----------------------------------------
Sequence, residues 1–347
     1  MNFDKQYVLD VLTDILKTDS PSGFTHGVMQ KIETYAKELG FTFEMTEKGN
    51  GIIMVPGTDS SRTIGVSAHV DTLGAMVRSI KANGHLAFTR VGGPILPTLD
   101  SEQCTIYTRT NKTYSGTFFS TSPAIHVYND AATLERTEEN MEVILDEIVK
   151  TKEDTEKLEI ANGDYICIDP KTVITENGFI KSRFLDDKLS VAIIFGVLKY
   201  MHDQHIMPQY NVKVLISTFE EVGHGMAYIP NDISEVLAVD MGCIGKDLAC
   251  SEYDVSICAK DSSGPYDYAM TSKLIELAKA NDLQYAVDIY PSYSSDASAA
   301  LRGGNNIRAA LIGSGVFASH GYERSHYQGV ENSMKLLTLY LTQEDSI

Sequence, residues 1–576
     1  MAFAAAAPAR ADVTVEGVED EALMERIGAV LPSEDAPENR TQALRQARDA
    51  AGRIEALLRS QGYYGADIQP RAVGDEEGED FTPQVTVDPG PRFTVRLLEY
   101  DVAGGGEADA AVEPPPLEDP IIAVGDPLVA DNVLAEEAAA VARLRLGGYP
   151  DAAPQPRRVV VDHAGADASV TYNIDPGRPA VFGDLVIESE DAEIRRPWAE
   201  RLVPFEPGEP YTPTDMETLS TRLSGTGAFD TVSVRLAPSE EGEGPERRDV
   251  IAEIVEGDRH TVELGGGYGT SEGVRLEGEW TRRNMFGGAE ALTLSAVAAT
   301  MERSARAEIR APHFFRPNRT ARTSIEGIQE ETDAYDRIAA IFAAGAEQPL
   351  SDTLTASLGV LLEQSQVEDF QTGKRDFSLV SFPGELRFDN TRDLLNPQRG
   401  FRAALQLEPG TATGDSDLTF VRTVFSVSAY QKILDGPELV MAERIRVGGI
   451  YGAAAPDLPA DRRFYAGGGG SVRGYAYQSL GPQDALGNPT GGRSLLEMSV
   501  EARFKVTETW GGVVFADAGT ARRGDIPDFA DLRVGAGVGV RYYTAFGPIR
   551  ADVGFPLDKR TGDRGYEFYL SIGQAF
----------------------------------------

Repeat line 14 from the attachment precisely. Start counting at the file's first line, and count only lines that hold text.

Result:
   201  RLVPFEPGEP YTPTDMETLS TRLSGTGAFD TVSVRLAPSE EGEGPERRDV